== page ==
The real reason for tuition increases
High tuition costs probably result of more administrators
posted almost 5 years ago
As a faculty member in Biology who cares deeply about student learning, it concerns me that the administration is looking to increase the size of the undergraduate student body at UMBC. From my point of view, we are already bursting at the seams; classroom space is limited, the size of our classes in BIOL are large (until students take a lab class or particular 4XX classes), each faculty member advises about 50 undergraduate majors and undergraduate housing is in short supply.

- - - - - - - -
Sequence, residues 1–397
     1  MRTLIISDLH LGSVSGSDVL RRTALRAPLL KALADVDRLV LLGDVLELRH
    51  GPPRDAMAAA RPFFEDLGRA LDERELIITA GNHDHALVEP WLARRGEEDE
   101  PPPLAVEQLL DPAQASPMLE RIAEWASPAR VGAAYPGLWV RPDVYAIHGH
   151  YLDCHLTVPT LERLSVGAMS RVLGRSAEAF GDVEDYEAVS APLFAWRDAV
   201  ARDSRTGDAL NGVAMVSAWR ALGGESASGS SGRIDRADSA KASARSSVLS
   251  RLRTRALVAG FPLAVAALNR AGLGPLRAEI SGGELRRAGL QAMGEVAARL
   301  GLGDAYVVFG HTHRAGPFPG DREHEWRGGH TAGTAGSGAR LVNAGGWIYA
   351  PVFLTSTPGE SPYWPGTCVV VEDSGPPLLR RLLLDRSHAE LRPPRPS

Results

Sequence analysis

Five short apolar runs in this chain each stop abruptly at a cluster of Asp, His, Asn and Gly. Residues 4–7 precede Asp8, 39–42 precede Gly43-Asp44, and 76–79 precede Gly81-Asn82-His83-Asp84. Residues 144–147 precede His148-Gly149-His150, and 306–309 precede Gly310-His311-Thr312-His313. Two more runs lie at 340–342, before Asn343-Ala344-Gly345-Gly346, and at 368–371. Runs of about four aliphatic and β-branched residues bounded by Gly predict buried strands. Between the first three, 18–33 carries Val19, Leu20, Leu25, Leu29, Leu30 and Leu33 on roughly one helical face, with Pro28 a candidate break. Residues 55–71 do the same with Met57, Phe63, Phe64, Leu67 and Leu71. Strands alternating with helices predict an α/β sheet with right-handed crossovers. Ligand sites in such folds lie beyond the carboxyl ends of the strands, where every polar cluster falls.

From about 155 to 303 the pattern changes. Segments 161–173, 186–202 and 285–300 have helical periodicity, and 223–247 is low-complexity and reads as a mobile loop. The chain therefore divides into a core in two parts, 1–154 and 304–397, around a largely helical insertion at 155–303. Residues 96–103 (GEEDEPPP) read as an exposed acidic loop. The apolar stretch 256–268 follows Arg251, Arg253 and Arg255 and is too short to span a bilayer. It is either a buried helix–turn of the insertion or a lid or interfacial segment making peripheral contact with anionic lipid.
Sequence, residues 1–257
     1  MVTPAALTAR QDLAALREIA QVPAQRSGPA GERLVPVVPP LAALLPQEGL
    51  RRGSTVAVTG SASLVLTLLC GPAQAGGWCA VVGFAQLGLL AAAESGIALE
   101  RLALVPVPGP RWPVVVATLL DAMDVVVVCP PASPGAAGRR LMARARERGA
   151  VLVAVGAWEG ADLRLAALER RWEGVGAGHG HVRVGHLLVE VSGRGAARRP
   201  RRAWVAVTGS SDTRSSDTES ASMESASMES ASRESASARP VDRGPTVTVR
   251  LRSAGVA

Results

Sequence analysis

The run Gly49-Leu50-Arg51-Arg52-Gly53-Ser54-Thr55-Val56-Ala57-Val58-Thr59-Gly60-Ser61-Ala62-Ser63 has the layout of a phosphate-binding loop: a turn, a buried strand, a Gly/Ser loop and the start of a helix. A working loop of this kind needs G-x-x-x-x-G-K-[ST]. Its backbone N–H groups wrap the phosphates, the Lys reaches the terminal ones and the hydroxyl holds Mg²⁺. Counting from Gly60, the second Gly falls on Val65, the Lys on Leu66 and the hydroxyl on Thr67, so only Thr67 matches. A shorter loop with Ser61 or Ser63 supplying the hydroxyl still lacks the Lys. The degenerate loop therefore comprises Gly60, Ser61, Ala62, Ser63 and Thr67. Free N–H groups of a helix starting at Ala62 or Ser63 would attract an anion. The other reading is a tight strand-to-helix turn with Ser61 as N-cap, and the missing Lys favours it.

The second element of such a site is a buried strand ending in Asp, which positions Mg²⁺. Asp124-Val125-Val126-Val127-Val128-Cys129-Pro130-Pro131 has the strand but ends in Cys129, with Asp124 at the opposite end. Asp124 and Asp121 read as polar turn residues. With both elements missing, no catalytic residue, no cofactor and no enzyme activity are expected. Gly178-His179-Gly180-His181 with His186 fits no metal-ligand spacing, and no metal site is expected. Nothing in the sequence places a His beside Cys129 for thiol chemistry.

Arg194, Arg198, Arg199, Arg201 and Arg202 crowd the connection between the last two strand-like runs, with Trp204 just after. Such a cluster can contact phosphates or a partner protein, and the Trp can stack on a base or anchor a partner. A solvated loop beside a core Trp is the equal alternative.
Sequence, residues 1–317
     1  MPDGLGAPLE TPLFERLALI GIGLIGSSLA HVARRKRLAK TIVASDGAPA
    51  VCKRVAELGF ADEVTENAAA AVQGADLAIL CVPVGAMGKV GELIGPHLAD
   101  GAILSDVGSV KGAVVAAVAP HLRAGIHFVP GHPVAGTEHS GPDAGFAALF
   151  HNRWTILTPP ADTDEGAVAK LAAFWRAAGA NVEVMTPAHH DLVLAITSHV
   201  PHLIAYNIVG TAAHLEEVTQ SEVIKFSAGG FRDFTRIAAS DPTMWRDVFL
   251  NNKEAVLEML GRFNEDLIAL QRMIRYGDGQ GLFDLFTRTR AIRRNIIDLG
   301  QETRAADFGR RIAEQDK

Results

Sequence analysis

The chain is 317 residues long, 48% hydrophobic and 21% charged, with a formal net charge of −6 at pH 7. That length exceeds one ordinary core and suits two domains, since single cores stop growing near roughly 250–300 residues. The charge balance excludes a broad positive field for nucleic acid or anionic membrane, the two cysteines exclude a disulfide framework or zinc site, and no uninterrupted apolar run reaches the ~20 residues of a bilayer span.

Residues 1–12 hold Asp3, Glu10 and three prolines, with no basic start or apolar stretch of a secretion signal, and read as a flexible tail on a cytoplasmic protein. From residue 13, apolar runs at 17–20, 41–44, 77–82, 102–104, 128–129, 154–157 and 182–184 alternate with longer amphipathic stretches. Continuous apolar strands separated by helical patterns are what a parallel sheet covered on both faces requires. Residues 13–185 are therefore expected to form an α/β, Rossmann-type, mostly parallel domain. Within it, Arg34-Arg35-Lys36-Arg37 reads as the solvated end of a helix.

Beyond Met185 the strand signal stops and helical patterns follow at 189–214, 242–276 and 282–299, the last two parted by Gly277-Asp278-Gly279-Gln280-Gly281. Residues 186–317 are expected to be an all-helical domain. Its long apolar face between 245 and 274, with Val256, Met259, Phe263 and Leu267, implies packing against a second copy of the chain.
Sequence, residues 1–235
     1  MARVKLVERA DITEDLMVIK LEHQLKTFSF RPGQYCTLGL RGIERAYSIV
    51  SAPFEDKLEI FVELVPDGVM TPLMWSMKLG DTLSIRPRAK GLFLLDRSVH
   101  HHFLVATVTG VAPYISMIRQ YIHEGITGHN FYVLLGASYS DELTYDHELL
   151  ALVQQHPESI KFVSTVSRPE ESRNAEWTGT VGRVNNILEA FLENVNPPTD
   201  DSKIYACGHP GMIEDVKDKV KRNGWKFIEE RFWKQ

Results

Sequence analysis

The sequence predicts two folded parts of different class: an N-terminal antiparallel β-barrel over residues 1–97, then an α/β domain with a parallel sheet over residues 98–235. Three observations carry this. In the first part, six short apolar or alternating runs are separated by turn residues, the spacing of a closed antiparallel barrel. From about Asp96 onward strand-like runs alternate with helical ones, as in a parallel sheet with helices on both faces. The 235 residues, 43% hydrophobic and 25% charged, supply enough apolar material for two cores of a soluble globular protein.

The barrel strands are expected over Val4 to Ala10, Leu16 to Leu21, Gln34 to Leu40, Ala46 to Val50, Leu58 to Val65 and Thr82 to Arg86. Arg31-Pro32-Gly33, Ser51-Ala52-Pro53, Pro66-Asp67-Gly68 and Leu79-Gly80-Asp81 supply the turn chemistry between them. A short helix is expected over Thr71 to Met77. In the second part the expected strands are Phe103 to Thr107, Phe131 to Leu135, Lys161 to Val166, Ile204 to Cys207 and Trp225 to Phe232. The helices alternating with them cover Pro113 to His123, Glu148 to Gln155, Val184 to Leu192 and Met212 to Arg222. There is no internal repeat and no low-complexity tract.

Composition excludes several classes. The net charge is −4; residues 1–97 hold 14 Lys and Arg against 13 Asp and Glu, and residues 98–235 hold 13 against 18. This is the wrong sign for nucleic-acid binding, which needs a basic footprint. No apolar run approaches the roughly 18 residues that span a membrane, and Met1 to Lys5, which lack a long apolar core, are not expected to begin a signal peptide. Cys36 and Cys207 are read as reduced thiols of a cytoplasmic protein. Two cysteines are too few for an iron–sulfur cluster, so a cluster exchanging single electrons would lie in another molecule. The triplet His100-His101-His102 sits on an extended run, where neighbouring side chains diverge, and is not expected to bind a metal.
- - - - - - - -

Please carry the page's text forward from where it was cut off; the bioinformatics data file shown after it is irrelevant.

My thinking as to why the administration wants more students is strictly economic--more money for the university. The people most affected by this decision are the students and faculty. Class sizes continue to increase and as a faculty member, my work load goes way up.
Given what the linked editorial says about the increased college costs, I would like the university to seriously examine the need for all the administrators--there appears to be no money for more faculty, but always more money for more administrators.
I'm not saying that we don't need administrators, but when universities see gains of 221% increase in administrators versus 3.4% increase in faculty during the same period (1975-2008), I my opinion, something is wrong with the higher education system.
Can anyone tell me what the stats are for UMBC? And as someone who feels like adjuncts are exploited, I don't think they should count for increases in the faculty numbers.